However, Confused.com’s research reveals the planned changes have been met with a mixed response from drivers across the UK. While almost half (46%) of the UK drivers welcome the introduction of the sat nav and two in five (38%) are glad to see independent driving time doubling to 20 minutes, less than one in six (16%) agree with the removal of the three-point turn. Worryingly nearly half (46%) question the safety of a new manoeuvre which requires drivers to pull over into oncoming traffic and reverse two car lengths. And with the UK pass rate having risen from 43% (2007) to 47% (2016)3 in the last decade, it’s unclear how the updates will impact those learning to drive when the changes come into effect.
The research also suggests that the updates may be missed opportunity to address a shortfall in some other crucial skills and behaviours. For example, three in four UK motorists (73%) believe motorway driving should be tested. In fact, over half (51%) of qualified drivers said they would have felt more confident on the road after passing their test if they had been taught to drive on the motorway. And with the knowledge that young drivers have a higher proportion of accidents at night4, it’s no wonder two in three (66%) motorists believe driving in darker conditions should also form part of the changes. Drivers claim learners would also benefit from getting to grips improved cyclist awareness (49%), motorcyclist awareness (44%), and more experience with urban driving (29%) and rural driving (28%).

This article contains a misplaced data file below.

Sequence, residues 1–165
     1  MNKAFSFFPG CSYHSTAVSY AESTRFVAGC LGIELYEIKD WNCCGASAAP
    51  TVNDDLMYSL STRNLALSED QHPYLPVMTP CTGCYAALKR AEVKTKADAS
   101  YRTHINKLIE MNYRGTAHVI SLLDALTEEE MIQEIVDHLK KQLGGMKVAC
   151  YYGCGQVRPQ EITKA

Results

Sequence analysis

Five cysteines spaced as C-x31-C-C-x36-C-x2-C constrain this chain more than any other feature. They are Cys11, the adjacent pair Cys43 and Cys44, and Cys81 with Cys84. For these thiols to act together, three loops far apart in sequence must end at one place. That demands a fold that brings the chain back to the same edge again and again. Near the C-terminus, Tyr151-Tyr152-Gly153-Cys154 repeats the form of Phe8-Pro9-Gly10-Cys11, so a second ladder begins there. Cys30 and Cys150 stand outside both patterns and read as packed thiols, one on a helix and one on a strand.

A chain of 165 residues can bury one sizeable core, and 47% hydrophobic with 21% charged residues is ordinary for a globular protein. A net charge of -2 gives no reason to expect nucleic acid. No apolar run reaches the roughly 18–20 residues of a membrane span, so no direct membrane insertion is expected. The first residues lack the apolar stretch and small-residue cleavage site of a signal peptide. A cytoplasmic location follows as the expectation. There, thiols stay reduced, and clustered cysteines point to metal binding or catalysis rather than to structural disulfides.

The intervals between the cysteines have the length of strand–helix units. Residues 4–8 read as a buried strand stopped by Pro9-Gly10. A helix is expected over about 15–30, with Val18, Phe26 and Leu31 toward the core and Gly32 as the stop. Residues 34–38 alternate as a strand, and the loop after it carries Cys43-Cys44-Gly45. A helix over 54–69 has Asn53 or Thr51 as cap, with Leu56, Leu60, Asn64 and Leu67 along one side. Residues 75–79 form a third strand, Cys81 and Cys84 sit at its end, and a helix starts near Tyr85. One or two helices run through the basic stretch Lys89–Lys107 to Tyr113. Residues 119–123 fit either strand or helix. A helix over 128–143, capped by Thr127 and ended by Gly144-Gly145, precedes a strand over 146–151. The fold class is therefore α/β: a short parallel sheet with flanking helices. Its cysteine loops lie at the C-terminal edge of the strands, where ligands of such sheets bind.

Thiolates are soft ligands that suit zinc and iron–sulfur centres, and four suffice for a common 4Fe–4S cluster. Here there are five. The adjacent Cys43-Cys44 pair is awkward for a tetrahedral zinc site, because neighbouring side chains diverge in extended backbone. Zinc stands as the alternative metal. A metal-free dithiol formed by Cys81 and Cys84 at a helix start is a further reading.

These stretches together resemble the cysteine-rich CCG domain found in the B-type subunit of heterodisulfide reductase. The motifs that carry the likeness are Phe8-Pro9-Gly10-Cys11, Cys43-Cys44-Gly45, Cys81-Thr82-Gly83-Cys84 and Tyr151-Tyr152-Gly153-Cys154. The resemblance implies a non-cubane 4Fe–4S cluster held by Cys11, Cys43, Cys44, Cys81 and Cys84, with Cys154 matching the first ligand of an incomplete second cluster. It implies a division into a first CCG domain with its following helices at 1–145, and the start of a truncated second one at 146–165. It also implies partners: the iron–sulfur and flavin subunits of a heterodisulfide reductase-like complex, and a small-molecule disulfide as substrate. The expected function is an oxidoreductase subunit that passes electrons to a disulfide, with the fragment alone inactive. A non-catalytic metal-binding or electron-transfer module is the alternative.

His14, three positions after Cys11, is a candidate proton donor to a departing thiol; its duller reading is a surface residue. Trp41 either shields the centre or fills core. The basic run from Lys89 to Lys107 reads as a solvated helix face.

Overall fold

But UK drivers aren’t just calling for learners to broaden their skill set as two in five (38%) claim poor behaviour on the road is caused by new drivers picking up bad habits. So it’s little surprise 80% of motorists think driving etiquette should also form part of the test. Reflecting on poor driving behaviour among new motorists more closely, a whopping two in three (65%) say the test should teach learners about falling into the trap of tailgating. While a further half (52%) say they should be warned about the dangers of middle-lane hogging. And other common-courtesy teachings should include mobile phone use (60%), roundabout (57%) and indicating etiquette (52%), and cutting in from a closed lane (48%).